PHILADELPHIA – Returning to the Wachovia Centre on Sunday brought back a memory for Montreal centre Glen Metropolit of the time he skated for two teams on the same day.
On Nov. 27, 2009, Metropolit took part in a game-day skate with the Philadelphia Flyers, who had signed him to a two-year contract as a free agent that summer.
But in the afternoon, the Canadiens claimed him on waivers. Since Montreal was the visitor that night, Metropolit had to move his gear to the visiting team’s dressing room. Then he played against his former teammates.
”I skated in the morning with Philly,” Metropolit said with a laugh. ”That afternoon, I got a phone call from (general manager) Paul Holmgren saying ‘I’ve got good news and bad news. The good news is you’re playing tonight. The bad news is you’re playing for Montreal.’
”It was a whirlwind day, that’s for sure. That whole game was a blur. I just tried not to change on their bench. I made sure I went to the right bench. It was really weird walking by and seeing all the security guards that I’m used to seeing and then, right down here, a whole new gang (of teammates).”
Now the Canadiens are facing the Flyers in the NHL Eastern Conference final.
The Flyers tried to sneak Metropolit through waivers to make space under the salary cap because top-line centre Daniel Briere was about to return from an injury, but instead lost him to the Canadiens.
”It was a shock because I had signed a two-year deal,” he said. ”The way it ended up wasn’t too nice, but everything happens for a reason.
”I ended up playing a great role in Montreal and now here we are playing them. It’s pretty ironic.”
The 35-year-old Metropolit is coming of perhaps his best NHL season. The Toronto native had a career high 16 goals and 29 points with the Canadiens and was one of their best scorers on the second power play unit.
He tore a shoulder muscle and missed the final six games of the regular season, but was able to return three games into Montreal’s first round playoff upset of the Washington Capitals. He has two assists in 11 post-season games, seeing limited ice time.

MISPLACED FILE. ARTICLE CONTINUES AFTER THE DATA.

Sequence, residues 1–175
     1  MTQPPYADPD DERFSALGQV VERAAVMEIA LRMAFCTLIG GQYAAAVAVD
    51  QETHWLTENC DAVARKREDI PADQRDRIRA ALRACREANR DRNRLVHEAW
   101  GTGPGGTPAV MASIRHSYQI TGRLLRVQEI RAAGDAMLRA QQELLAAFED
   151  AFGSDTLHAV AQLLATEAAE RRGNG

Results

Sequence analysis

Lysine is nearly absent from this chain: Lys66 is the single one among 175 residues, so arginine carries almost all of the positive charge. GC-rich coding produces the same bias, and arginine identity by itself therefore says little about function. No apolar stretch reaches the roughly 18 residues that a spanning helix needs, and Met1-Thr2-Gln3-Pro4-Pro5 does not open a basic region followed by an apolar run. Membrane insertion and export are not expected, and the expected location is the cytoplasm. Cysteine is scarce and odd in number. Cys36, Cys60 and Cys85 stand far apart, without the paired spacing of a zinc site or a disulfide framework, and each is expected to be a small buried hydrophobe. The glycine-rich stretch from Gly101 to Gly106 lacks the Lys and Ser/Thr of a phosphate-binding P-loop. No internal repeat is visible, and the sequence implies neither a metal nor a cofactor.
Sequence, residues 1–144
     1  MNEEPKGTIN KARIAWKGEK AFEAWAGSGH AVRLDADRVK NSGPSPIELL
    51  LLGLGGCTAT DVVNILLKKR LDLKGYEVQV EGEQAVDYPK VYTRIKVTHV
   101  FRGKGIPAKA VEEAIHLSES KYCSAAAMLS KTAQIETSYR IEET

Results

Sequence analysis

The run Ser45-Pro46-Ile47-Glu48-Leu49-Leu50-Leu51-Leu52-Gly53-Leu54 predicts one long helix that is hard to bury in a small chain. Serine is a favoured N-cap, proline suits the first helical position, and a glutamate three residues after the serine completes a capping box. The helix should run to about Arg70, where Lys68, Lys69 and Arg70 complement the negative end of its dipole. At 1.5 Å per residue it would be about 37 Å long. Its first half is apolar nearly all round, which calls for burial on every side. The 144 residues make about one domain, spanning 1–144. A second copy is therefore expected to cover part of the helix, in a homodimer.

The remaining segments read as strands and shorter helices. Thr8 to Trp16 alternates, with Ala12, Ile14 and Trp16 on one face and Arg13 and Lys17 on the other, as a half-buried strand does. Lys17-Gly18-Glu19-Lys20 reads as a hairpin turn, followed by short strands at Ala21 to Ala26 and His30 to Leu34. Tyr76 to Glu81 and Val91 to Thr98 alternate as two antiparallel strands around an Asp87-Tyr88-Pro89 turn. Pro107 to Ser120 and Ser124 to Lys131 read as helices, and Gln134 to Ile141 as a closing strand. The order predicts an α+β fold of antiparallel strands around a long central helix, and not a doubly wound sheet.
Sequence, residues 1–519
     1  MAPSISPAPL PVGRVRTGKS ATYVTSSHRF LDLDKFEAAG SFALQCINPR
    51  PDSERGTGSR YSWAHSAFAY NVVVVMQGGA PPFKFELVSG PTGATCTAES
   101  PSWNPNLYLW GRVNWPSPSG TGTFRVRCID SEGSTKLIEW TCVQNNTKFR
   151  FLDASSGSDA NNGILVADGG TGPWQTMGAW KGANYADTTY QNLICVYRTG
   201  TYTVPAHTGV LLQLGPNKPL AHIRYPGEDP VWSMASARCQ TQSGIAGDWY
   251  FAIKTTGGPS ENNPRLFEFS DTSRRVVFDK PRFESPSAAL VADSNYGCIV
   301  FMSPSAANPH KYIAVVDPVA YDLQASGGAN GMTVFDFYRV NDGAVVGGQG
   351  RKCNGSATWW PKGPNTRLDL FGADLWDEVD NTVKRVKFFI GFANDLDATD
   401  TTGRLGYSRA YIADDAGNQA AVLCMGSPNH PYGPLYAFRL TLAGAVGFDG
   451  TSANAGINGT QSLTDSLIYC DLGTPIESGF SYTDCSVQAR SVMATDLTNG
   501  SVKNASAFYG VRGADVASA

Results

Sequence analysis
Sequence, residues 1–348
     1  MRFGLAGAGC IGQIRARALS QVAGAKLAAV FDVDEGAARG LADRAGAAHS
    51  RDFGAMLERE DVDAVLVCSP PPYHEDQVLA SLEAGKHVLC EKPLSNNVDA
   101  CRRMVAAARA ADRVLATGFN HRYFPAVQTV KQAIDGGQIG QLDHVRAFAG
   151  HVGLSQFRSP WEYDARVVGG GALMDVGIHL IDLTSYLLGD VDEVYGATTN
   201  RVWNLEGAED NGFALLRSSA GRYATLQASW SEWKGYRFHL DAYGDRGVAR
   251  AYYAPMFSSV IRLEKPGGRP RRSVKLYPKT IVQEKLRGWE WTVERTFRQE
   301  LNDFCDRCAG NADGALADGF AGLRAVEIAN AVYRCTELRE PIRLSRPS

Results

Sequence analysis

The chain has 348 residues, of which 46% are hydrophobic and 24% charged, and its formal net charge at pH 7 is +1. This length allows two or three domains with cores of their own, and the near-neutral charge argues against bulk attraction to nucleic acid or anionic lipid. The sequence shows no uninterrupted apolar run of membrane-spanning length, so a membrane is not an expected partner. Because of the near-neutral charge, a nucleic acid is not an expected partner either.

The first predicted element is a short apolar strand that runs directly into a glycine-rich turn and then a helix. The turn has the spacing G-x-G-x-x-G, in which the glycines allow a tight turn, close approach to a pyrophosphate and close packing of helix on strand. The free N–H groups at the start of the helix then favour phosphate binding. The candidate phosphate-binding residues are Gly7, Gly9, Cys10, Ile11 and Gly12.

It is not certain that the Canadiens will try to sign him when he becomes an unrestricted free agent again this summer, but for now, coach Jacques Martin likes his gritty fourth-line pivot.
Sergei Kostitsyn’s purgatory appears to have ended, but the out-of-favour winger is still not in the lineup. The Canadiens opted to leave Andrei Kostitsyn’s younger brother at home when they travelled to Pittsburgh in the last round of playoffs to avoid any distraction, but he was with the team as they arrived in Philadelphia for the conference final.
He was not expected to play, but Martin said ”he’s part of the team,” adding that his status with the club was ”between him and me.” During the last round, Sergei Kostitsyn got into a verbal exchange with back-up goalie Carey Price after a game-day skate.
With the recent return of Jaroslav Spacek and the fine play of rookie P.K. Subban, defenceman Ryan O’Byrne was not expected to play Game 1 of the conference final.
The Flyers shrugged off Montreal defenceman Hal Gill’s pre-series comment that it is easy to hate Philadelphia because of their physical style of play.
Flyers forward Arron Asham, a former Canadien, said ”it seems like everyone hates us. That’s fine with us. I think we’re a rough tough team and we’ll just go out and try to win games. We’ll do whatever it takes.”
Philadelphia centre Daniel Briere recalls playing against Gill last spring, when the big defenceman was a member of the Stanley Cup champion Pittsburgh Penguins.
”He was great then, too,” said Briere. ”I’ve watched a few games this year and he played great against Ovechkin and Crosby.
”But we’re a different team than Washington or Pittsburgh. They had superstars. Up front, I don’t think we have the same superstar power that Washington or Pittsburgh have, but maybe a little more depth. Hopefully that plays into our favour.”